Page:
Mechanics / Electrodynamics
November 08, 2016
Sagnac effect; fringe shift; constant speed of light; angular velocity; ballistic speed of light; headlight effect; rotating interferometer; ballistic beaming.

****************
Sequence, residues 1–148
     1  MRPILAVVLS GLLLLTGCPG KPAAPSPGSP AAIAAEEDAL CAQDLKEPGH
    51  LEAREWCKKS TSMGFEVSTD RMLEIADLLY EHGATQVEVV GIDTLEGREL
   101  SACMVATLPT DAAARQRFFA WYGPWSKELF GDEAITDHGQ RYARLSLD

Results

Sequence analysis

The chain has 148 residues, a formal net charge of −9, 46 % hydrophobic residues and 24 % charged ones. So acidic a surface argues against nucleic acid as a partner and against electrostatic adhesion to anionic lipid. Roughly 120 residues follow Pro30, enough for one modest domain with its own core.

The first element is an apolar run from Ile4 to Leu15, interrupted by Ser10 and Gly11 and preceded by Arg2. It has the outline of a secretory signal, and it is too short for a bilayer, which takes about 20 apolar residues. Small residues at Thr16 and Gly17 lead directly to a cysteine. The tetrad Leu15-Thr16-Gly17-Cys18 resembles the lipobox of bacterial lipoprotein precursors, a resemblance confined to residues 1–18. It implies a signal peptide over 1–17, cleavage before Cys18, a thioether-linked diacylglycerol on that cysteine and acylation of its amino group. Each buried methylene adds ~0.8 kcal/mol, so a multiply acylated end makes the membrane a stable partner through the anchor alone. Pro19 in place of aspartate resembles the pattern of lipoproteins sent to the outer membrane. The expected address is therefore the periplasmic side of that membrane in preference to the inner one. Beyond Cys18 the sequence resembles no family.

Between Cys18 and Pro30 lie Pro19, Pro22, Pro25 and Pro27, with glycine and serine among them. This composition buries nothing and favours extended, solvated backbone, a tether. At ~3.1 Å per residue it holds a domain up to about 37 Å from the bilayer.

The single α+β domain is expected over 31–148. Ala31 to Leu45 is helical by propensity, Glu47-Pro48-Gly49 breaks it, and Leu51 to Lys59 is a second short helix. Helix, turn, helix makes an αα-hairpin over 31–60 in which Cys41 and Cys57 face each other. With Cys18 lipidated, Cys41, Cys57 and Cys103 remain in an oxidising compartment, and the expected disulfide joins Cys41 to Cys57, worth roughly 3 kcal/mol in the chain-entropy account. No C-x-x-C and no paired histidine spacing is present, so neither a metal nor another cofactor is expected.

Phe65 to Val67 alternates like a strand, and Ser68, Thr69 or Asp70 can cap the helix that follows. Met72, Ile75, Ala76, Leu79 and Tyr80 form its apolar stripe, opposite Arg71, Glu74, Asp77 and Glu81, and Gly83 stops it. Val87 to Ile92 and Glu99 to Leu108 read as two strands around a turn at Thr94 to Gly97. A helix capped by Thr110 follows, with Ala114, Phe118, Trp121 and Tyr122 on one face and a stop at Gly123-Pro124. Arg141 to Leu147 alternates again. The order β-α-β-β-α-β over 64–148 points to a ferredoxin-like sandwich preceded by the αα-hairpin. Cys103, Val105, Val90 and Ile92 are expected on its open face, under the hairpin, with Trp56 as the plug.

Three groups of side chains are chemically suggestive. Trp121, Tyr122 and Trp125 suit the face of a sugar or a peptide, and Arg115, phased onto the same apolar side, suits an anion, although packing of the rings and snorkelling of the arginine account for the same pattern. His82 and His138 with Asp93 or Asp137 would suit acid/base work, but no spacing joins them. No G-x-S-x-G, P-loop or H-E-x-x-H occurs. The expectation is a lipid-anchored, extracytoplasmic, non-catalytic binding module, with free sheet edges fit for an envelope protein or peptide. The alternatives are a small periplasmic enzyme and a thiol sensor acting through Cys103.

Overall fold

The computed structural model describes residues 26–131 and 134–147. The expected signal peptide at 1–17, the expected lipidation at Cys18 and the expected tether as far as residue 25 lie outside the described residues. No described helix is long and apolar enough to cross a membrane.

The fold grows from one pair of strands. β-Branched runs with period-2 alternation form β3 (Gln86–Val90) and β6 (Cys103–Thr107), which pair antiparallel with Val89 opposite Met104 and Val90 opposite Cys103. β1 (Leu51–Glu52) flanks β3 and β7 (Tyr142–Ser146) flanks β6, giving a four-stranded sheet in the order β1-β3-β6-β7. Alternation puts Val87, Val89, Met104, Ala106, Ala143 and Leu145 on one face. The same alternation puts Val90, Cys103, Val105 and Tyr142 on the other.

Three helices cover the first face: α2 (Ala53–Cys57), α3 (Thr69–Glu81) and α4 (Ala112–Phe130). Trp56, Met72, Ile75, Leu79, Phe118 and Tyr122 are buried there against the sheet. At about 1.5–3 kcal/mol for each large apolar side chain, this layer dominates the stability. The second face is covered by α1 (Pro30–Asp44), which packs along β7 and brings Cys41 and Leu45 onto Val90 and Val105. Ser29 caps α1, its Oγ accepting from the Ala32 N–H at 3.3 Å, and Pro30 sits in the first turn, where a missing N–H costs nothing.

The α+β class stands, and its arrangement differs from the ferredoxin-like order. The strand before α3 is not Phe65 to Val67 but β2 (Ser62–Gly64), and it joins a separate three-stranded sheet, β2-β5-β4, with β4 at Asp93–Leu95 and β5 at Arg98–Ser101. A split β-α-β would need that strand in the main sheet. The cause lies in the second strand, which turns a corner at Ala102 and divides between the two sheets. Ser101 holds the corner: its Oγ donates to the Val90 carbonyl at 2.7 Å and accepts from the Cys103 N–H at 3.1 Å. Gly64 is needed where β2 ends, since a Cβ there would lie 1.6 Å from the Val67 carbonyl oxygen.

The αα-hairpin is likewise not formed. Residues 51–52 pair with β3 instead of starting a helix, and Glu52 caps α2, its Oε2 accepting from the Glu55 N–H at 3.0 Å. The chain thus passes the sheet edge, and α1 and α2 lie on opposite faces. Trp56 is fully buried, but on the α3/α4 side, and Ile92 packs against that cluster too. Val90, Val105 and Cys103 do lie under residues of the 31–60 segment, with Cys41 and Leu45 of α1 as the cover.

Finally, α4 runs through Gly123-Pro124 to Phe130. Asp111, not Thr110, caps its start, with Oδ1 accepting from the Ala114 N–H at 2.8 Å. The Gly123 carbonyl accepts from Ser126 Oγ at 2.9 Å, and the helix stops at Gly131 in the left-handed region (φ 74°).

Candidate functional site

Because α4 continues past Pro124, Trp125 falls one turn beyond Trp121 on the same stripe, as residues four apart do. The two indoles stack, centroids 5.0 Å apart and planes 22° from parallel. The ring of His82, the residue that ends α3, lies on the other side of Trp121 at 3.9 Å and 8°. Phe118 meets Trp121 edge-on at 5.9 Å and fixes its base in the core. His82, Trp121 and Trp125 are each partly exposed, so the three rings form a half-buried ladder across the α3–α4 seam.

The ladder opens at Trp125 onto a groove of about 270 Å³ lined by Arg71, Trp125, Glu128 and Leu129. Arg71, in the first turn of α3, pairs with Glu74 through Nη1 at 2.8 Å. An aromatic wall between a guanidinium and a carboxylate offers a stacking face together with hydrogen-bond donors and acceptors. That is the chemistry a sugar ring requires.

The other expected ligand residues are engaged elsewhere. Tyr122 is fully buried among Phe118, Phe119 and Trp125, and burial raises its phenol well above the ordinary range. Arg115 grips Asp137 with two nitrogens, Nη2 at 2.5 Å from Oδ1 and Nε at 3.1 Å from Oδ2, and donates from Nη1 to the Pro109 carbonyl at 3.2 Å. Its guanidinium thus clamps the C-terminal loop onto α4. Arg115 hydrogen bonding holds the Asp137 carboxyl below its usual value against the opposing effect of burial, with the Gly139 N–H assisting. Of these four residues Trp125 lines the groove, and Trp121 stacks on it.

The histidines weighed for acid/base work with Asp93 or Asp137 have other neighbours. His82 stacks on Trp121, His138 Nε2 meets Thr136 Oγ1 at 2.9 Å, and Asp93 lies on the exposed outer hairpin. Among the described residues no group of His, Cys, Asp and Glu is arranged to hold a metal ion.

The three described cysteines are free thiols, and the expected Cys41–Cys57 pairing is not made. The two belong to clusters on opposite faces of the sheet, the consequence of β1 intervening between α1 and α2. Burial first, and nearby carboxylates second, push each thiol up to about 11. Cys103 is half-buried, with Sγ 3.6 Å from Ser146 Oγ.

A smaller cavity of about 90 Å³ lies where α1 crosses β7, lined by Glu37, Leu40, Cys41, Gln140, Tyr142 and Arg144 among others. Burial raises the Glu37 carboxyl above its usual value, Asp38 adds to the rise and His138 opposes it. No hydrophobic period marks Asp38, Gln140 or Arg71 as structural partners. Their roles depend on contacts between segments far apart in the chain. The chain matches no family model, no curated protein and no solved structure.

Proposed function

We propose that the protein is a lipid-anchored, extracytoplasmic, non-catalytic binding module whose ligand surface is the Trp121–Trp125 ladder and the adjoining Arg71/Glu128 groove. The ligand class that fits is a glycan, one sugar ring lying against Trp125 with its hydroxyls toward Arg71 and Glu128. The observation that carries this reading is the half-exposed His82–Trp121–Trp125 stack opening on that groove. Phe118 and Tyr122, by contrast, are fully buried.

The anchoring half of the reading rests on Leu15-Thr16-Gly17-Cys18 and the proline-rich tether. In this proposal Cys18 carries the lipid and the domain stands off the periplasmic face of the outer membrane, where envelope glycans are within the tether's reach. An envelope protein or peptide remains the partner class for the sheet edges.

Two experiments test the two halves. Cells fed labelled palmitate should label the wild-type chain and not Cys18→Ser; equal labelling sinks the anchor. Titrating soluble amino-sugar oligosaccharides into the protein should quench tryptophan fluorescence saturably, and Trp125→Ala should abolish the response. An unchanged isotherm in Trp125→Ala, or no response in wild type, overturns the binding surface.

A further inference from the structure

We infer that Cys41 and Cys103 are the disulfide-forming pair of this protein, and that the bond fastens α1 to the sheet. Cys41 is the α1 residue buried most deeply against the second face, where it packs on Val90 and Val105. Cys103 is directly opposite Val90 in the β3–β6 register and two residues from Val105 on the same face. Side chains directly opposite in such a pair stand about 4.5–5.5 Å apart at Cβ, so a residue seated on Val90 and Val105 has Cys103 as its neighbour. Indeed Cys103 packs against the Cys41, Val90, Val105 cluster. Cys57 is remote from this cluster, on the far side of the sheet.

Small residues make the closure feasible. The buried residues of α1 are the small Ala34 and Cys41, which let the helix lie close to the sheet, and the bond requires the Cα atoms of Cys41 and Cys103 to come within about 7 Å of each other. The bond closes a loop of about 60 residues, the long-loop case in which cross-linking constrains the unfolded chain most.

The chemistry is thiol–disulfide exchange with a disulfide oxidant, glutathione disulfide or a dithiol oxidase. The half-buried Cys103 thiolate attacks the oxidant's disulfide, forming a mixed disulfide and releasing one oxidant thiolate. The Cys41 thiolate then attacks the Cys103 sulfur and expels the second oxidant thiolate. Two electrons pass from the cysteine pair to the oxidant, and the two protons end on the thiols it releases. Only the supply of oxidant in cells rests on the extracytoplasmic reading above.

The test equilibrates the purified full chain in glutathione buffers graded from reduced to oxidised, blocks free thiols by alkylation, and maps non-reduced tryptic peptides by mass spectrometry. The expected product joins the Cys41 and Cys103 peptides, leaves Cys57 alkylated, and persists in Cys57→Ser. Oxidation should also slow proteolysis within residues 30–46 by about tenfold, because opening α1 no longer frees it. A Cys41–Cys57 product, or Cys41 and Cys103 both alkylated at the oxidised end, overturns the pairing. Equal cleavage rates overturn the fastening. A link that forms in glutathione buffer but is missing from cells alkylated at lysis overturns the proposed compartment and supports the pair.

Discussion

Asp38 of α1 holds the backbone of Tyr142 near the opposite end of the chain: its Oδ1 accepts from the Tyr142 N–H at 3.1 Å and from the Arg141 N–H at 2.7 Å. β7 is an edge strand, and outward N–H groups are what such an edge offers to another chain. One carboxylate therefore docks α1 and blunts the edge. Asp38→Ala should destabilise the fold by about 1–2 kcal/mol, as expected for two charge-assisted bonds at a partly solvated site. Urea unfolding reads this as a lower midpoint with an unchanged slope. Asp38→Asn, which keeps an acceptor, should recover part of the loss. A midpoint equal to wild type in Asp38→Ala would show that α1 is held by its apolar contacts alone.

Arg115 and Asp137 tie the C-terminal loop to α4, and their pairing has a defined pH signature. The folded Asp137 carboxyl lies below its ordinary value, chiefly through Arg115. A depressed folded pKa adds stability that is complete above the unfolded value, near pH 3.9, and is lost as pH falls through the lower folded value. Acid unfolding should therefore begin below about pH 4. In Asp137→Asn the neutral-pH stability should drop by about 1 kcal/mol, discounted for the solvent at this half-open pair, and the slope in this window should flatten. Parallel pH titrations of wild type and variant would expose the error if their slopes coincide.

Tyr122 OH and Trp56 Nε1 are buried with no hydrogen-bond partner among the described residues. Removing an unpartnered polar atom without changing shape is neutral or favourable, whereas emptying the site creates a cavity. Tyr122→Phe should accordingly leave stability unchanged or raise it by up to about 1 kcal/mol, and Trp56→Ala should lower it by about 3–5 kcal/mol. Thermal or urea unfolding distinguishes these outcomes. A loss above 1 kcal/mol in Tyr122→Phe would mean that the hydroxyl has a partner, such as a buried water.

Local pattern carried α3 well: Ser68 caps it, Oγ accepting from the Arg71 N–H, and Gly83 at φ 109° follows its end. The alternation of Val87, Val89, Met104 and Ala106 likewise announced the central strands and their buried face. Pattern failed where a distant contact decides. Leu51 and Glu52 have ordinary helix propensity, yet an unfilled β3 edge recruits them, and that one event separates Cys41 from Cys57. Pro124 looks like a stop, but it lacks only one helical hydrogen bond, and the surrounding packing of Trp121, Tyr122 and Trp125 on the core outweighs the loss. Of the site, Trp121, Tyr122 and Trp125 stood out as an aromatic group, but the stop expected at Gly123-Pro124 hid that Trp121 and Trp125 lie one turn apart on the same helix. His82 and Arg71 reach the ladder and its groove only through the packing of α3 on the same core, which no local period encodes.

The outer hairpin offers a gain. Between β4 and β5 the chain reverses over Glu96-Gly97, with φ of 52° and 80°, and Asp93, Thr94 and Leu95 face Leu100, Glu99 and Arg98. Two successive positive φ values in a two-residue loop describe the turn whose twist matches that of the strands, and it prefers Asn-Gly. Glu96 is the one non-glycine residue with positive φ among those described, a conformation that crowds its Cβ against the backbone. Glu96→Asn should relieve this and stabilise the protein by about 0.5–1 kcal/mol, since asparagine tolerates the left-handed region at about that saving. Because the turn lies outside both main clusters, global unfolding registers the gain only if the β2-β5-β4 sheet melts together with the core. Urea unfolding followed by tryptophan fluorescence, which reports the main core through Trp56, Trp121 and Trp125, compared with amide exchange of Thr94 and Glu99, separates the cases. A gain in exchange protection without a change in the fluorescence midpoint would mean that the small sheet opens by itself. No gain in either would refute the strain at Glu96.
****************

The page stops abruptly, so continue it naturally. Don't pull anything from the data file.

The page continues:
The primary objective, in the present investigation, is to calculate time-of-flight differences between the co-rotating beam and the counter-rotating beam, over the optical square loop of the Sagnac interferometer, in accordance with the assumption of velocity of light dependent upon the velocity of the light source; and then to compare the obtained results to the computed time-of-flight differences between the same two beams, based on the assumption of velocity of light independent of the velocity of the light source. And subsequently, on the basis of the numerical results of those calculations, it's concluded that, because of the presence of ballistic beaming, the Sagnac interferometer, and rotating interferometers, generally, are incapable of providing any conclusive experimental evidence for or against either one of the two diametrically opposed assumptions, under investigation. In the 1913 Sagnac experiment, for instance, the numerical values of the time-of-flight differences, as predicted by these two propositions, differ from each other by no more than an infinitesimal fraction equal to about 10^-30 of a second.